An important feature of a FitsChan is that read operations are destructive. This means that if an Object description is found, it will be consumed by astRead which will remove all the cards involved, including associated COMMENT cards, from the FitsChan. Thus, if you write an Object to a FitsChan, rewind, and read the same Object back, you should end up with the original FitsChan contents. If you need to circumvent this behaviour for any reason, it is a simple matter to make a copy of a FitsChan using astCopy (§4.13). If you then read from the copy, the original FitsChan will remain untouched.
After a read completes, the FitsChan’s Card attribute identifies the card immediately following the last card read, or the end-of-file of there are no more cards.
Since the native encoding is being used, any long strings involved in the object description will have been split into two or more adjacent contuation cards when the Object was stored in the header using function astWrite. The astRead function reverses this process by concatenating any such adjacent continuation cards to re-create the original long string.
When using the native FITS encoding, multiple Objects may be stored and all I/O operations are sequential. This means that you can simply write a sequence of Objects to a FitsChan. After each write operation, the Card attribute will be updated so that the next write appends the next Object description to the previous one.
If you then rewind the FitsChan, you can read the Objects back in the original order. Reading them back will, of course, remove their descriptions from the FitsChan (§16.10) but the behaviour of the Card attribute is such that successive reads will simply return each Object in sequence.
The only thing that may require care, given that a FitsChan can always be addressed randomly by setting its Card attribute, is to avoid writing one Object on top of another. For obvious reasons, the Object descriptions in a FitsChan must remain separate if they are to make sense when read back.
Of course, any real FITS header will contain other information besides AST Objects, if only the mandatory FITS cards that must accompany all FITS data. When FITS headers are read in from a real dataset, therefore, any native AST Object descriptions will be inter-mixed with many other cards.
Because this is the normal state of affairs, the boolean (integer) Skip attribute for a FitsChan defaults to one. This means that when you read an Object From a FitsChan, any irrelevant cards will simply be skipped over until the start of the next Object description, if any, is found. If you start reading part way through an Object description, no error will result. The remainder of the description will simply be skipped.
Setting Skip to zero will change this behaviour to resemble that of a basic Channel (§15.12), where extraneous data are not permitted by default, but this will probably rarely be useful.
You can search for, and retrieve, particular cards in a FitsChan by keyword, using the function astFindFits. This performs a search, starting at the current card, until it finds a card whose keyword matches the template you supply, or the end-of-file is reached.
If a suitable card is found, astFindFits optionally returns the card’s contents and then sets the FitsChan’s Card attribute either to identify the card found, or the one following it. The way you want the Card attribute to be set is indicated by the final boolean (int) argument to astFindFits. A value of one is returned to indicate success. If a suitable card cannot be found, astFindFits returns a value of zero to indicate failure and sets the FitsChan’s Card attribute to the end-of-file.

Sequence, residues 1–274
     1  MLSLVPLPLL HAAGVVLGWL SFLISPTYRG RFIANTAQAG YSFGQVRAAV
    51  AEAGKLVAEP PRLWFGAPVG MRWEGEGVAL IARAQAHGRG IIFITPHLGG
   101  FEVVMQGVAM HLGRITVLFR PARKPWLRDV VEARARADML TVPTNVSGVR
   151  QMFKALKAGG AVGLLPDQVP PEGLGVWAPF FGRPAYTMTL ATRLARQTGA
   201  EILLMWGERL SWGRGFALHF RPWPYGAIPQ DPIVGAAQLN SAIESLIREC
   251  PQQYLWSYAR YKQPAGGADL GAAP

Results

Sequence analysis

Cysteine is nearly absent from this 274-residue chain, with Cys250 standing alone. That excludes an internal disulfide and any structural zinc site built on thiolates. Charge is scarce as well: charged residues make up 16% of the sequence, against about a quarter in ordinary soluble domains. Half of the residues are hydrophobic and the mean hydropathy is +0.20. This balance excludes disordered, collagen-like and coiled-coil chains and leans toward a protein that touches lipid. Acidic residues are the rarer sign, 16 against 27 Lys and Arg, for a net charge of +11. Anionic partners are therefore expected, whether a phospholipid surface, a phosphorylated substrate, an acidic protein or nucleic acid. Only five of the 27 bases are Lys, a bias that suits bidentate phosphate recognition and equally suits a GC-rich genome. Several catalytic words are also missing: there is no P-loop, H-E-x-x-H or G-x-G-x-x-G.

Requesting that the Card attribute be set to indicate the card that astFindFits finds is useful if you want to replace that card with a new one, as in this example:
Here, astFindFits is used to search for a card with the keyword AIRMASS, with a NULL pointer being given to indicate that we do not want the card’s contents returned. If the card is found, astPutFits then overwrites it with a new card. Otherwise, the Card attribute ends up pointing at the end-of-file and the new card is simply appended to the end of the FitsChan.
A similar approach can be used to delete selected cards from a FitsChan using astDelFits, which deletes the current card:
This deletes the first card, if any, with the BSCALE keyword.
Requesting that astFindFits increments the Card attribute to identify the card following the one found is more useful when writing loops. For example, the following loop extracts each card whose keyword matches the template “CD%6d” (that is, “CD” followed by six decimal digits):
For further details of keyword templates, see the description of astFindFits in Appendix B.
The use of source and sink functions with a FitsChan is optional. This is because you can always arrange to explicitly fill a FitsChan with FITS cards (§16.8 and §16.9) and you can also extract any cards that remain and write them out yourself (§16.6) before you delete the FitsChan.
If you choose to use these functions, however, they behave in a very similar manner to those used by a Channel (§15.13 and §15.14). You supply pointers to these functions, as arguments to the constructor function astFitsChan when you create the FitsChan (§16.3). The source function is invoked implicitly at this point to fill the FitsChan with FITS cards and the FitsChan is then rewound, so that the first card becomes current. The sink function is automatically invoked later, when the FitsChan is deleted, in order to write out any cards that remain in it.
The only real difference between the source and sink functions for a FitsChan and a basic Channel is that FITS cards are limited in length to 80 characters, so the choice of buffer size is simplified. The “Source” and “Sink” functions in §15.13 and §15.14 could therefore be used to access FITS headers stored in text files simply by changing LEN to be 80. If you were not accessing a text file, however, appropriate changes to the I/O statements would be needed since the separating newline characters would be absent. The details obviously depend on the format of the file you are handling, which need not necessarily be a true FITS file.